Ibec, the group that represents Irish business, today said the next government will need to introduce major tax reform if it wants to encourage more people to start their own companies. Publishing a detailed set of policy recommendations on entrepreneurship in advance of the election, Ibec said claims by the major political parties to support small business and start-ups now need to be matched with firm manifesto commitments.
Ibec said Ireland continues to excel when it comes to attracting multinational; this focus now needs to be applied to supporting indigenous firms. Indigenous firms account for only 43% of GDP, 36% of business investment, 25% of our corporation tax and about 15% of our exports, despite making up 98% of the enterprise base. Tax reform has a big role to play in shifting the balance. Ibec is calling for the income tax system to treat the self-employed the same as PAYE workers, tax incentives to encourage investment in Irish companies and a simplified R&D tax credit system.
In advance of the upcoming general election, Ibec with Amarach Research looked at how people felt about a government’s experience on business issues and about their own attitude to business and entrepreneurship. The overwhelming majority (77%) said government should have a minimum number of people with business experience sitting at the cabinet table.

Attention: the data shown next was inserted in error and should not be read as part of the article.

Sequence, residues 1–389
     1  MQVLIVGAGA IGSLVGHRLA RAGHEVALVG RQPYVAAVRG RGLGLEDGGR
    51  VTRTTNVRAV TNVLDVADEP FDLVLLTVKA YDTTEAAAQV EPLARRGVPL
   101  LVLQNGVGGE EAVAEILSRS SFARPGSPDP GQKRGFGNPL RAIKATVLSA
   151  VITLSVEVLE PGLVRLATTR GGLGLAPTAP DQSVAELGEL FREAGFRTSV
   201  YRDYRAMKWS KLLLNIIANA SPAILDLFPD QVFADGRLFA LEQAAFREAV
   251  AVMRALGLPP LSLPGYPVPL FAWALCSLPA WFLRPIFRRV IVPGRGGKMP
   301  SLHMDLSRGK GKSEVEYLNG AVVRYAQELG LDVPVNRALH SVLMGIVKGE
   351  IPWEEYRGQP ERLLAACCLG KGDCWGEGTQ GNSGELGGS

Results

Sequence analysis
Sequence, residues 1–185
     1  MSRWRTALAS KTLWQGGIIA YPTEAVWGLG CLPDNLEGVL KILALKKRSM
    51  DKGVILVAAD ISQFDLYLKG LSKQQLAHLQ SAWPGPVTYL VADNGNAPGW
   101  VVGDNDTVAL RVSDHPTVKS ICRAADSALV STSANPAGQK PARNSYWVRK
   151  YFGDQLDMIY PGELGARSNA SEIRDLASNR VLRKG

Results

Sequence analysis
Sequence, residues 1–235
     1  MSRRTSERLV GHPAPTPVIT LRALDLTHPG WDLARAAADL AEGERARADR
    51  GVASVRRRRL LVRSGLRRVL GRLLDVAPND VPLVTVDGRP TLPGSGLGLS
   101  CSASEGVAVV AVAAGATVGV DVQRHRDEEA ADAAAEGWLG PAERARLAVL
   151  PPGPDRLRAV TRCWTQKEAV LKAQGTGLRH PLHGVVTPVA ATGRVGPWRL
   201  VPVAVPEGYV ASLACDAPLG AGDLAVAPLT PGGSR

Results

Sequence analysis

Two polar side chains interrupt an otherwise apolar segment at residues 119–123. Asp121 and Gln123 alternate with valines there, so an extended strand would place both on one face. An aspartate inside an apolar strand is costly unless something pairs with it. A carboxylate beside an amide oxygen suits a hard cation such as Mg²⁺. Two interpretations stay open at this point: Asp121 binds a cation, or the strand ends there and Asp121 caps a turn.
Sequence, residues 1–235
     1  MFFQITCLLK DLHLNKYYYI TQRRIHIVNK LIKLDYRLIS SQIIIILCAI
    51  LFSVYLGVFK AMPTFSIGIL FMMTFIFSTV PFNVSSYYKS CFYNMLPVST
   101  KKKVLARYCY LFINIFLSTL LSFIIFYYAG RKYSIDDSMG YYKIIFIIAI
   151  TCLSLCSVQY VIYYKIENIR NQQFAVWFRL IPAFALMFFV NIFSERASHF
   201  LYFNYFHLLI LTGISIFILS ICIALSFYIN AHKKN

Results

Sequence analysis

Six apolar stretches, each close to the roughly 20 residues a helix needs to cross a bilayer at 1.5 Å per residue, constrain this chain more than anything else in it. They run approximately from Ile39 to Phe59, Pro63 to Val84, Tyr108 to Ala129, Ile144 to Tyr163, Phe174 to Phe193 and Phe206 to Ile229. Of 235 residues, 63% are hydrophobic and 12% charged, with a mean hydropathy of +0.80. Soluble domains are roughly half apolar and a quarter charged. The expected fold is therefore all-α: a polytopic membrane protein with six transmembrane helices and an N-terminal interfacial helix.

Respondents also indicated a preference for their own children setting up their own business, when asked where they would like them to work when they grew up. 28% said they would like their children to be self-employed with their own business, as opposed to the public service (21%), a large multinational (21%), a large Irish company (18%) or an SME (12%).
Ibec Senior Economist Gerard Brady said: “It has become easier to start a business in recent years, but it remains difficult to grow and scale a business. What we now need is concerted, targeted support to make it easier and more financially attractive to grow new indigenous business.
“Between 2008 and 2012 the total number of private sector employees fell by 264,000, however companies trading for less than five years created 106,000 net new jobs. The important role of these firms is not adequately reflected in the tax system. Improvements made to the tax treatment of entrepreneurs in Budget 2016 were important, but were only a start. All political parties now need to match the rhetoric on supporting entrepreneurship with concrete manifesto commitments.”
Ibec’s new report, Taxation of entrepreneurs – priorities for the next government, recommends:
Equalise the personal tax treatment of the self-employed and owner managers with their PAYE counterparts
Make targeted changes to investment taxation to make investing in indigenous Irish business a much more attractive proposition
A simplified R&D tax credit so that smaller firms are better able to overcome funding constraints on their innovative activity and R&D
Reform the taxation of share options to make it much easier for high potential small firms to attract key talent.